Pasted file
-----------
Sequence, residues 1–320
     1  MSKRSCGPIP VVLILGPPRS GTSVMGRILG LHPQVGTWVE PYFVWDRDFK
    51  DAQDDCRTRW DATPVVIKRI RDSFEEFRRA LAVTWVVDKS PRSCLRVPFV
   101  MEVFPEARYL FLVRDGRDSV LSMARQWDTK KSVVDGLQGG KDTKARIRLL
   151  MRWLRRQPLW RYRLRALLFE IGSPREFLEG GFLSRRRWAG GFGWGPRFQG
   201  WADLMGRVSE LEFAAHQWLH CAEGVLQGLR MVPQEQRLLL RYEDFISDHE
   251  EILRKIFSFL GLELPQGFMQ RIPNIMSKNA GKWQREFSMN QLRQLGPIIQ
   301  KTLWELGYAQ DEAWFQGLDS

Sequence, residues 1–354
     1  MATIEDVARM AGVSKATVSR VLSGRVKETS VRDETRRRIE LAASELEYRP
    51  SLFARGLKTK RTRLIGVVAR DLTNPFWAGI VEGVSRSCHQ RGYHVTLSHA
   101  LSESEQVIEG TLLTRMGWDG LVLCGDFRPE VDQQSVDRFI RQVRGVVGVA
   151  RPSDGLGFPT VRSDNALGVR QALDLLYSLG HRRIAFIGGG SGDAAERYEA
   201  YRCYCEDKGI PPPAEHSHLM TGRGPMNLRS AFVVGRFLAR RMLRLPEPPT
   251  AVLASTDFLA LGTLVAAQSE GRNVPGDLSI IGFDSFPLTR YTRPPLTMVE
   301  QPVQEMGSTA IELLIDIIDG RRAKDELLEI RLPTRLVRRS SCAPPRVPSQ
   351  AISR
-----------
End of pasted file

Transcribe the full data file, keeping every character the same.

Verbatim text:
Sequence, residues 1–320
     1  MSKRSCGPIP VVLILGPPRS GTSVMGRILG LHPQVGTWVE PYFVWDRDFK
    51  DAQDDCRTRW DATPVVIKRI RDSFEEFRRA LAVTWVVDKS PRSCLRVPFV
   101  MEVFPEARYL FLVRDGRDSV LSMARQWDTK KSVVDGLQGG KDTKARIRLL
   151  MRWLRRQPLW RYRLRALLFE IGSPREFLEG GFLSRRRWAG GFGWGPRFQG
   201  WADLMGRVSE LEFAAHQWLH CAEGVLQGLR MVPQEQRLLL RYEDFISDHE
   251  EILRKIFSFL GLELPQGFMQ RIPNIMSKNA GKWQREFSMN QLRQLGPIIQ
   301  KTLWELGYAQ DEAWFQGLDS

Sequence, residues 1–354
     1  MATIEDVARM AGVSKATVSR VLSGRVKETS VRDETRRRIE LAASELEYRP
    51  SLFARGLKTK RTRLIGVVAR DLTNPFWAGI VEGVSRSCHQ RGYHVTLSHA
   101  LSESEQVIEG TLLTRMGWDG LVLCGDFRPE VDQQSVDRFI RQVRGVVGVA
   151  RPSDGLGFPT VRSDNALGVR QALDLLYSLG HRRIAFIGGG SGDAAERYEA
   201  YRCYCEDKGI PPPAEHSHLM TGRGPMNLRS AFVVGRFLAR RMLRLPEPPT
   251  AVLASTDFLA LGTLVAAQSE GRNVPGDLSI IGFDSFPLTR YTRPPLTMVE
   301  QPVQEMGSTA IELLIDIIDG RRAKDELLEI RLPTRLVRRS SCAPPRVPSQ
   351  AISR